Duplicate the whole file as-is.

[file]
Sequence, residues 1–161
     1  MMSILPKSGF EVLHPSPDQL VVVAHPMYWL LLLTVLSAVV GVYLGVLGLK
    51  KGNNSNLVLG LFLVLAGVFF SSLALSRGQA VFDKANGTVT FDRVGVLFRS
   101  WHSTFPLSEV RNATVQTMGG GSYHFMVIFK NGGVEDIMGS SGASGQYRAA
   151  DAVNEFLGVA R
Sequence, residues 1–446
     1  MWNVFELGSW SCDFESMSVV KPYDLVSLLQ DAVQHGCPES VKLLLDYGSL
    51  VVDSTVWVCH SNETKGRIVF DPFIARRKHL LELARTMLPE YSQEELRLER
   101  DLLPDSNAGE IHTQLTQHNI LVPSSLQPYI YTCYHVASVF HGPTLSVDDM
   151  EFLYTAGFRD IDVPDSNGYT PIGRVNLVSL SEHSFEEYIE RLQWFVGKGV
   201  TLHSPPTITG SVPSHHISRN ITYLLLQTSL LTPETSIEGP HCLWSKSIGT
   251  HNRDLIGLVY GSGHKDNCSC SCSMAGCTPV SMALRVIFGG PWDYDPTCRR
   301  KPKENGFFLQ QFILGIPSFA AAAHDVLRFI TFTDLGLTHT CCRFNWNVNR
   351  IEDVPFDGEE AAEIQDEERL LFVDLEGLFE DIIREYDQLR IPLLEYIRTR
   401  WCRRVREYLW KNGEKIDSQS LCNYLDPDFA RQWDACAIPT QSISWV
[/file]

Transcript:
Sequence, residues 1–161
     1  MMSILPKSGF EVLHPSPDQL VVVAHPMYWL LLLTVLSAVV GVYLGVLGLK
    51  KGNNSNLVLG LFLVLAGVFF SSLALSRGQA VFDKANGTVT FDRVGVLFRS
   101  WHSTFPLSEV RNATVQTMGG GSYHFMVIFK NGGVEDIMGS SGASGQYRAA
   151  DAVNEFLGVA R
Sequence, residues 1–446
     1  MWNVFELGSW SCDFESMSVV KPYDLVSLLQ DAVQHGCPES VKLLLDYGSL
    51  VVDSTVWVCH SNETKGRIVF DPFIARRKHL LELARTMLPE YSQEELRLER
   101  DLLPDSNAGE IHTQLTQHNI LVPSSLQPYI YTCYHVASVF HGPTLSVDDM
   151  EFLYTAGFRD IDVPDSNGYT PIGRVNLVSL SEHSFEEYIE RLQWFVGKGV
   201  TLHSPPTITG SVPSHHISRN ITYLLLQTSL LTPETSIEGP HCLWSKSIGT
   251  HNRDLIGLVY GSGHKDNCSC SCSMAGCTPV SMALRVIFGG PWDYDPTCRR
   301  KPKENGFFLQ QFILGIPSFA AAAHDVLRFI TFTDLGLTHT CCRFNWNVNR
   351  IEDVPFDGEE AAEIQDEERL LFVDLEGLFE DIIREYDQLR IPLLEYIRTR
   401  WCRRVREYLW KNGEKIDSQS LCNYLDPDFA RQWDACAIPT QSISWV